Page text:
Around 1 or 2 (depending on if the food was ready), the entire family would sit down for a Thanksgiving dinner meal. I remember one cousin putting black olives on each of her fingers and then bite them off one by one. I wished like anything that I liked olives too so I could do just that, but I couldn't bring myself to liking them. I still hate black olives, but if my taste buds ever changed their mind one day, then I would totally eat olives from each of my fingers. After dinner was over we would feast on tons of desserts. My Mom knew that I didn't like pies or most cakes, so she usually baked chocolate chip cookies for me beforehand. What a great Mom. I loved the fact she would think of me that way. It always made me feel special.

After dinner was over and we were all fat from eating way too much, the cousins and I would run off again while Nagypapa took a snooze in his chair and my Nagymama, Dad, Mom, Aunt and Uncle caught up sitting on my Dad's Godmothers couch. My Dad's Godmother was named Ethel Ergh, who lived in Lorain OH- about 2 hrs west of Cleveland. The Ergh's (Geirgy & Ethel) were great friends of my grandparents and my great grandparents. The senior Ergh has his original barbershop on Buckeye Rd now part of the museum collection at the Western Reserve Historical Society in University Circle, Cleveland.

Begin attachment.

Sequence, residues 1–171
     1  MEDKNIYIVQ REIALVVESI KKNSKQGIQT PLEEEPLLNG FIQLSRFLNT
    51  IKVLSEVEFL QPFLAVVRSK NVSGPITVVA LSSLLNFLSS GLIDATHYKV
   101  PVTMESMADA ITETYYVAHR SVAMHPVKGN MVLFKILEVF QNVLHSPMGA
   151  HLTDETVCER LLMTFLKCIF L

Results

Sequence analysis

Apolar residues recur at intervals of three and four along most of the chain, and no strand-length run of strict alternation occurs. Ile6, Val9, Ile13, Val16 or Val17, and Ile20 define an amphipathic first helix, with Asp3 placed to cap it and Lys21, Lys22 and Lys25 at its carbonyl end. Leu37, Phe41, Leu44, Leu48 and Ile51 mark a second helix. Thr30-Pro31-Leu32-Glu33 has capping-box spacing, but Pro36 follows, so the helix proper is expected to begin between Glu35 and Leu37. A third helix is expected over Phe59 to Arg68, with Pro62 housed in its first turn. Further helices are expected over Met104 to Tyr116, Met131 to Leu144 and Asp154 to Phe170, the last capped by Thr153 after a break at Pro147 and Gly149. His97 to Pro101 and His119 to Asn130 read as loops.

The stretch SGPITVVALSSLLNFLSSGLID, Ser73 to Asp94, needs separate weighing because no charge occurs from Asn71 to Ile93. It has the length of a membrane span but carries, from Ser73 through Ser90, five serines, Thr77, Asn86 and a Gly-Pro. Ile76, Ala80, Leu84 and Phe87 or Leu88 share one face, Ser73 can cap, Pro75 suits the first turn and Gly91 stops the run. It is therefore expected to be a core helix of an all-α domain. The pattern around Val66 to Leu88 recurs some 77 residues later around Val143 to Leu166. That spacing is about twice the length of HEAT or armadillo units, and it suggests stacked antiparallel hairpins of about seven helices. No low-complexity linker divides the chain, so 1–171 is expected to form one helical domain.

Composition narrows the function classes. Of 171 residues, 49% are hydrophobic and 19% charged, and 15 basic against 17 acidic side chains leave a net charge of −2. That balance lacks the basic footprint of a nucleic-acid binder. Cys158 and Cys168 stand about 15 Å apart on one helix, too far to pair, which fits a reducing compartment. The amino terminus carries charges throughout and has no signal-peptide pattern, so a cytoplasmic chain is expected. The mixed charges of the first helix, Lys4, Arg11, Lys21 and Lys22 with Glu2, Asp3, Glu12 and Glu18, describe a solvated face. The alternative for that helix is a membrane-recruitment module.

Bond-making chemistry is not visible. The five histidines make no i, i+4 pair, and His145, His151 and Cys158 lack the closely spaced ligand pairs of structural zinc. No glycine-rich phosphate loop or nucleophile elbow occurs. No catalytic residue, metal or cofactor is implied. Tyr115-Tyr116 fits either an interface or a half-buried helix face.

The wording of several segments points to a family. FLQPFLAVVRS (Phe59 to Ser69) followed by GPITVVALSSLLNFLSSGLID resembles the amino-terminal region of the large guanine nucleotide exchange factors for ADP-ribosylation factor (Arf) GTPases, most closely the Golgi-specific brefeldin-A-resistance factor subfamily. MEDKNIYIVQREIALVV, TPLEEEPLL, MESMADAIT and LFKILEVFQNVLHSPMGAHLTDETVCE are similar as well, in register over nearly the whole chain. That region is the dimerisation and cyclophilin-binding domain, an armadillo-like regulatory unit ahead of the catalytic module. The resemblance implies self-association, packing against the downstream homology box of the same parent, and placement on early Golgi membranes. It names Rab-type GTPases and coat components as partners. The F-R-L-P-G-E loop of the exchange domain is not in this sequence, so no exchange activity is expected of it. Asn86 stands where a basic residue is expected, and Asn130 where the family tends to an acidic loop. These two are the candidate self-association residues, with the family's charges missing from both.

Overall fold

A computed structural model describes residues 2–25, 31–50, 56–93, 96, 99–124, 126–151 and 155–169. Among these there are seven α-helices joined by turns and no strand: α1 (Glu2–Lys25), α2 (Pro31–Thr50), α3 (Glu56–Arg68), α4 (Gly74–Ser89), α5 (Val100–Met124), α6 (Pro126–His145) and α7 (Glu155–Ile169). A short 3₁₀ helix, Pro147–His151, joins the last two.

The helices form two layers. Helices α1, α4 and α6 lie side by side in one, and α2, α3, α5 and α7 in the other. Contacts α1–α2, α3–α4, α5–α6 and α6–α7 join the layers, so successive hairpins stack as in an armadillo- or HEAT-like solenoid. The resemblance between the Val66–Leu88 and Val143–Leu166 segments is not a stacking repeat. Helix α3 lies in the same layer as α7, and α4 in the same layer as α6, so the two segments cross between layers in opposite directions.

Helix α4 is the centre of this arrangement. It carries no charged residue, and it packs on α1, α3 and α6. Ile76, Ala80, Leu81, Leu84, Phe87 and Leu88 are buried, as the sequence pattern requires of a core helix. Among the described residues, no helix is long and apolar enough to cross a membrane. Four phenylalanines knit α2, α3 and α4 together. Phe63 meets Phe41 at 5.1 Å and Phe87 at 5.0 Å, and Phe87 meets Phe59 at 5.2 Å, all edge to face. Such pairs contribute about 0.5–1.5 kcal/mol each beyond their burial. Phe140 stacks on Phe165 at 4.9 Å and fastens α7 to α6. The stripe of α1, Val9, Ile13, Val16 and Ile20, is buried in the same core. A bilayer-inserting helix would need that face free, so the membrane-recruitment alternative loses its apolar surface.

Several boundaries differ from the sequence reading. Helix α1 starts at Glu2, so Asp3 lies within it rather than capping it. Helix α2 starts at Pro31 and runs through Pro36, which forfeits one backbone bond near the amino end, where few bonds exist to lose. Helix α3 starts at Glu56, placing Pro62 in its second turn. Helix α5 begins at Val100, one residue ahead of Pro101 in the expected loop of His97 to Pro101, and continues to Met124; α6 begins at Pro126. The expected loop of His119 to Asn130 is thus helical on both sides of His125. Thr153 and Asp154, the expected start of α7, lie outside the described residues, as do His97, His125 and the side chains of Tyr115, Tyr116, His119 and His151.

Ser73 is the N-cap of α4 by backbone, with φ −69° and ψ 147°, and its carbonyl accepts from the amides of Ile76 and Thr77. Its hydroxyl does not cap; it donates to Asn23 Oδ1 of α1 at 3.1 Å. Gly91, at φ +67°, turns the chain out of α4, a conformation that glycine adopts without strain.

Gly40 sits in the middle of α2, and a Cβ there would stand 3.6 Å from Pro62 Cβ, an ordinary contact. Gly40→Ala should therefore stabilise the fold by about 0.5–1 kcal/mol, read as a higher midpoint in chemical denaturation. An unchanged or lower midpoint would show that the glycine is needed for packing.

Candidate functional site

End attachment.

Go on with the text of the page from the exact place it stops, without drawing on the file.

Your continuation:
Getting back to my Thanksgiving memory, before long the cousins were called by my Aunt and Uncle to go home and the holiday was officially over. We spent the rest of the evening huddled in the family room watching 'Murder She Wrote' and other various classics that would probably be on the Turner Classic Movie channel today. Even though Thursday was over, the Thanksgiving memory still isn't over yet.